Another international researcher has been targeted by a scam perpetrated by someone posing as an employee of Ministry of Foreign Affairs. The postdoc was threatened with deportation if he did not pay thousands of euros.
Manas Das, a postdoc from India working at the Faculty of Science and Engineering at the University of Groningen, is still shaken by his experience over the past few days. “I took out all my money because I thought it was a threat to my family. I’m living here with a small kid and my wife”, he says. The money, in the form of Steam gift cards, was given to someone claiming to be from the Dutch Ministry of Foreign Affairs who told Das there was a warrant out for his arrest and that he had to pay thousands of euros to avoid being deported.
Das checked the phone number displayed on his cell phone calling him on Wednesday morning and confirmed that it matched the one on the ministry’s website. The caller told him to take the phone call somewhere no one else could hear them, and to turn off his wifi. The scammer, whom Das says sounded like a fluent English speaker, had good Dutch pronunciation skills: when he provided his street address, the caller said it back to him in perfect-sounding Dutch.
The credibility of the phone number and the caller led Das to believe what he was being told, namely that he and his family faced being deported within 24 hours because his alien registration number had been filed incorrectly. Das told the caller that the Immigration Service Desk at the university had prepared all of his paperwork and that he had never heard of the alien registration number, but the caller said “that’s your problem.”
After being told to bike home, Das provided the caller with every form of legal ID he had, reportedly for a background check by the Dutch embassy in India. The caller told Das he had three options: he, his wife and child either had to leave country within 24 hours and receive a red mark in their passports banning them from returning to the Netherlands; be sent to a detention centre in Amsterdam for six days until his background check came back clean; or pay 2,900 euros in a security deposit and court fee. The fees were to be paid in gift cards for Steam, an online gaming platform. Das scrambled around town until he found the cards and then scratched them off one by one, reading out the numbers on the back to the scammer until he had 2,900 euros’ worth of cards.
This modus operandi is identical to another scam which targeted another Indian researcher in Groningen earlier this year. The man, who asked to remain anonymous, received a call on his work phone from someone claiming to be from the Dutch Ministry of Foreign Affairs. The caller stated that the man’s alien registration was invalid and presented him with three options: deportation, being detained for 15 days, or paying a 1,600 euro fine in iTunes gift cards.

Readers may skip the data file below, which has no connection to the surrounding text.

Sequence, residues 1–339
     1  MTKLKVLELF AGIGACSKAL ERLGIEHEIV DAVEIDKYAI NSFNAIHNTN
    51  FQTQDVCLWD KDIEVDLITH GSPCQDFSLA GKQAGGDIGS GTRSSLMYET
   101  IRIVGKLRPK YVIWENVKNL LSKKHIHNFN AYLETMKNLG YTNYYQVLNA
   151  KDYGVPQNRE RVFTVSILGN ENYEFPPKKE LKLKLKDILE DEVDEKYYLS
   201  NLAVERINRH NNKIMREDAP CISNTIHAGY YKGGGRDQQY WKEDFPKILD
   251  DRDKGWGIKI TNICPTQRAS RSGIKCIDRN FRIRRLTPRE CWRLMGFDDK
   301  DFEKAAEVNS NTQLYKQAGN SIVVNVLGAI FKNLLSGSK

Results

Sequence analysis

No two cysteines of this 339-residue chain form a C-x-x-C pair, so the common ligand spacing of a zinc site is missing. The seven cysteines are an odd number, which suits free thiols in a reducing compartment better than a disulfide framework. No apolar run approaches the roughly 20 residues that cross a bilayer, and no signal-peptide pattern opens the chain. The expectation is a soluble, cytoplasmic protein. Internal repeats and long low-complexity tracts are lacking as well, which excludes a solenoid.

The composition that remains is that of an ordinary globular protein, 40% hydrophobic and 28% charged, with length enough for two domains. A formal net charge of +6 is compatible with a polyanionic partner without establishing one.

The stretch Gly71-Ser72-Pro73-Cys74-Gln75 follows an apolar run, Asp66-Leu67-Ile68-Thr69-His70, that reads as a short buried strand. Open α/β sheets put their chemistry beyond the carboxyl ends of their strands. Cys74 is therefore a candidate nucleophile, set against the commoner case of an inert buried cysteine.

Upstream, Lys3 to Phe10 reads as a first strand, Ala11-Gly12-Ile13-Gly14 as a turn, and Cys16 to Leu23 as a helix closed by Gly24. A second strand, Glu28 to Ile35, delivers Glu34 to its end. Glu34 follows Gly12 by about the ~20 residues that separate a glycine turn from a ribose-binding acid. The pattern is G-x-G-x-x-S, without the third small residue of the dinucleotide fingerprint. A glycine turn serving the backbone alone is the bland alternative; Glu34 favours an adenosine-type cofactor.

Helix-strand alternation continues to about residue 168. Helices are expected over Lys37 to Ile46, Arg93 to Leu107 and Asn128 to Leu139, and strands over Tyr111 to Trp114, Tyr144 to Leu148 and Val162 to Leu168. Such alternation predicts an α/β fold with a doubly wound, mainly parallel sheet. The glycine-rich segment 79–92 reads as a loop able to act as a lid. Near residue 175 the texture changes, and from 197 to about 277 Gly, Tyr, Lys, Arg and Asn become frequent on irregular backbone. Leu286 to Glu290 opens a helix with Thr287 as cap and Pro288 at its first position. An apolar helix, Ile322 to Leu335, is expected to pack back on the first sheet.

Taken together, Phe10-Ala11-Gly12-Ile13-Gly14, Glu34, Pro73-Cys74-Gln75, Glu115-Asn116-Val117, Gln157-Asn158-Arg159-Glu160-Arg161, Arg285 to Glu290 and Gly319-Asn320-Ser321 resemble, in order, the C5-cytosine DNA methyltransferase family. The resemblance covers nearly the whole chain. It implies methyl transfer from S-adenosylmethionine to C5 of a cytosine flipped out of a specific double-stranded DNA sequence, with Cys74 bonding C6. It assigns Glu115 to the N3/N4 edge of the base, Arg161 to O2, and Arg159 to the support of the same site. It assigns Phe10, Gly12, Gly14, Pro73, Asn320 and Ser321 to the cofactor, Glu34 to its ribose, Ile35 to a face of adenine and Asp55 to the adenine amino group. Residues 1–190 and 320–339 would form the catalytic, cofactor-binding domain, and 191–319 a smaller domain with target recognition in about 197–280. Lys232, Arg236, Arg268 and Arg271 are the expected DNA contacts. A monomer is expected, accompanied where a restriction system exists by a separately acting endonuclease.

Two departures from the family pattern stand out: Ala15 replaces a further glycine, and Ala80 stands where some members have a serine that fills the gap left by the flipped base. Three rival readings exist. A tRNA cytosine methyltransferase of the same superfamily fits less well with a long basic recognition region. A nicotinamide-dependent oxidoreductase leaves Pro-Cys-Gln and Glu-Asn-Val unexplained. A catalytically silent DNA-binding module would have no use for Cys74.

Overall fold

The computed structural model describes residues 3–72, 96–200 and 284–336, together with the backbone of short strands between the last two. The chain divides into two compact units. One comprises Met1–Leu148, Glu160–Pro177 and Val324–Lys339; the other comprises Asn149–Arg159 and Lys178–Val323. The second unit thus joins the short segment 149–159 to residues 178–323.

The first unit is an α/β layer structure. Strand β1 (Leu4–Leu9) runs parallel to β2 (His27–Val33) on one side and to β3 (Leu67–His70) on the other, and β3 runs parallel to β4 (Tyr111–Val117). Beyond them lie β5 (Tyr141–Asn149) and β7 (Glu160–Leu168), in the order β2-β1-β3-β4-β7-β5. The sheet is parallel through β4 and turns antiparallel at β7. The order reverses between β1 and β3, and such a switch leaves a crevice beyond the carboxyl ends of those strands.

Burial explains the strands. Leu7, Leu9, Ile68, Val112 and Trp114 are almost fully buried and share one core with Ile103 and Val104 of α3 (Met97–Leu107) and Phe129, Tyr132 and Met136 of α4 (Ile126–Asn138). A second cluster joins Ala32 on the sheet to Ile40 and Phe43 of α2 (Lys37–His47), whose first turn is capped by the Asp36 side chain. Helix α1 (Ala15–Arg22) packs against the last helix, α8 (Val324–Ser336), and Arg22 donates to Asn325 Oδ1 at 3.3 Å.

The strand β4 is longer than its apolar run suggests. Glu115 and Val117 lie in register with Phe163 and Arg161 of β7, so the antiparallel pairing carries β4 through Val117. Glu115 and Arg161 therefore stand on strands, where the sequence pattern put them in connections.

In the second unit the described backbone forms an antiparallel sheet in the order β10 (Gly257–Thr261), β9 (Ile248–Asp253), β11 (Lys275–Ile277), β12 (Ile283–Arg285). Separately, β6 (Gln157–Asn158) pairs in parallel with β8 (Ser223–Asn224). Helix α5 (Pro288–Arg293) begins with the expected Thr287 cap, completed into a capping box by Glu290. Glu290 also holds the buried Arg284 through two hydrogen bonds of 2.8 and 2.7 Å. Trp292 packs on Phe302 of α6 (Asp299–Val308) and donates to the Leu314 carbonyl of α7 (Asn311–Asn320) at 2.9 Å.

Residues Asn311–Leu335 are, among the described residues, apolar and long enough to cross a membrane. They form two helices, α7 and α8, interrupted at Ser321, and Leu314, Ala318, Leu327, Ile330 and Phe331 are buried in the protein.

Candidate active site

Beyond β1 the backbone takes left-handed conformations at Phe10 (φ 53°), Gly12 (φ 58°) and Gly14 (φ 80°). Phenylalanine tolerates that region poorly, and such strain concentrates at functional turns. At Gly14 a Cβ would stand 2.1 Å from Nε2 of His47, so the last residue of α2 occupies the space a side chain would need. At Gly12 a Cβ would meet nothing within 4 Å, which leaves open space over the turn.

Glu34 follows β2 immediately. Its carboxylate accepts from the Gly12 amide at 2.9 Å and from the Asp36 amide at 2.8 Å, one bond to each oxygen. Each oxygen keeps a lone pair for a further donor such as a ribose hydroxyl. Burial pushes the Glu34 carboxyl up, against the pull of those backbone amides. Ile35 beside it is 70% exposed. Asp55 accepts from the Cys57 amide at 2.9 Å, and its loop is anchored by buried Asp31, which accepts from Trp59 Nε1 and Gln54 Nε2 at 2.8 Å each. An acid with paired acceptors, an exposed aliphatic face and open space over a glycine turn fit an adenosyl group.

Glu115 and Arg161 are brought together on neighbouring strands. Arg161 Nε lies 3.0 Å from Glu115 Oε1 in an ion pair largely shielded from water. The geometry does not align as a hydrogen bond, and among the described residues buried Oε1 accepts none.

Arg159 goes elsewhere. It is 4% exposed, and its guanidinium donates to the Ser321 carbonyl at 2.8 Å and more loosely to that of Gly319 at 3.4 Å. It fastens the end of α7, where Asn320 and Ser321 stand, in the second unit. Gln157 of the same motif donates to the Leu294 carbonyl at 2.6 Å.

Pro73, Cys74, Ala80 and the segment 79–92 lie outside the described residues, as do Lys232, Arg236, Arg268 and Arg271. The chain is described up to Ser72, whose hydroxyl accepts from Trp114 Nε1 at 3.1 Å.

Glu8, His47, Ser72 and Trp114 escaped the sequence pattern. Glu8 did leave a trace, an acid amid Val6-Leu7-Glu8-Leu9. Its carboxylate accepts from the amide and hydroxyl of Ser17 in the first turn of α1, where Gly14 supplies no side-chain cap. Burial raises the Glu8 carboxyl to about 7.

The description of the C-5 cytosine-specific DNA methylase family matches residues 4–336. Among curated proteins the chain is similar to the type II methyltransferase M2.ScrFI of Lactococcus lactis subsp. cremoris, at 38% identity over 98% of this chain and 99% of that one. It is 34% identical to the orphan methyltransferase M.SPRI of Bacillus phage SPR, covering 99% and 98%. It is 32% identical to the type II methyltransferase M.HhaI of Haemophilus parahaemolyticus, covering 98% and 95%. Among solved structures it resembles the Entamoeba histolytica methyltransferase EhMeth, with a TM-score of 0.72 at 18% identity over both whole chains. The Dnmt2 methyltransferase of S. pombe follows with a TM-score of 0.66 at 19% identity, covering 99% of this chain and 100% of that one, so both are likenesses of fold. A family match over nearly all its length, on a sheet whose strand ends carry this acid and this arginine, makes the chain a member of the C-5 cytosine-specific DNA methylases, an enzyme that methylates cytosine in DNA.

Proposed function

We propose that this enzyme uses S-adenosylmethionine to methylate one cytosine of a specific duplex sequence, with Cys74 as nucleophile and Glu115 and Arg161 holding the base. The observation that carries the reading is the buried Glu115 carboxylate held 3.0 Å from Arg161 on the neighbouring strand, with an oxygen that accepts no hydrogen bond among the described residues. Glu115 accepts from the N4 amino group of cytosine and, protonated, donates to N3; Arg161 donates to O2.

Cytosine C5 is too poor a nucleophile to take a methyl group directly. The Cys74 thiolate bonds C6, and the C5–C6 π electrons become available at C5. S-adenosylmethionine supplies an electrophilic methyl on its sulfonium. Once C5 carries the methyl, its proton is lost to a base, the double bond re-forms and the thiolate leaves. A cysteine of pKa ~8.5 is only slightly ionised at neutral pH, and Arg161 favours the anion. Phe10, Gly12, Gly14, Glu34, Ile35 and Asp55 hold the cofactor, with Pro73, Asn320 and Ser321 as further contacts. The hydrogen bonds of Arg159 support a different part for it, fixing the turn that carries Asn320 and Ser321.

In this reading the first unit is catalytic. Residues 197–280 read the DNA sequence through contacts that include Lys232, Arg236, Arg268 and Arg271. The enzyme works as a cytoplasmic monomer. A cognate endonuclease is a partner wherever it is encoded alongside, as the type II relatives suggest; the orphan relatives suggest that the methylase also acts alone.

Das has an appointment with the Groningen police on Monday to file a formal complaint, and has been trying to reach the International Service Desk since Wednesday by telephone. The Northern Times has also reached out to the ISD for comment. In February, the ISD shared a warning on their Facebook page that anyone calling from the Ministry of Justice and Security asking for an alien registration number was a scam.
Jorien Bakker, a spokesperson for the University of Groningen, says, ”it’s really terrible that this has happened. We don’t want any of our employees to be put through something like this.” Bakker says it is a good thing that Das is going to the police, and the more details that are made available, the easier it will be for the university to issue another warning to staff about how to recognise these kinds of scams. “I don’t know if it’s something that we can prevent, but we’ll do what we can to provide more information to our employees.”
“I don’t want anyone else to be in my situation”
The strain of being blackmailed has left Das unable to concentrate on his work at the Stratingh Institute for Chemistry, much less eat or sleep. On Friday, Das went into the International Welcome Center North to tell them about what had happened to him, at his wife’s urging. “My mental state was very bad, and she said, ‘this is just money. At least we’re all alive, so forget about this. This is just a bad thing.’ She said we should inform everyone, all the authorities, and maybe they can help us get something back. I want people to know about these things because I don’t want anyone else to be in my situation.”
A similar scam involving phone numbers mirroring legitimate Dutch government agencies and demanding proof of alien registration has been reported by foreign professionals, a number of whom are from India, across the Netherlands over the past year. DutchNews.nl reports that comparable scams have also been active in Dubai, Singapore and Canada.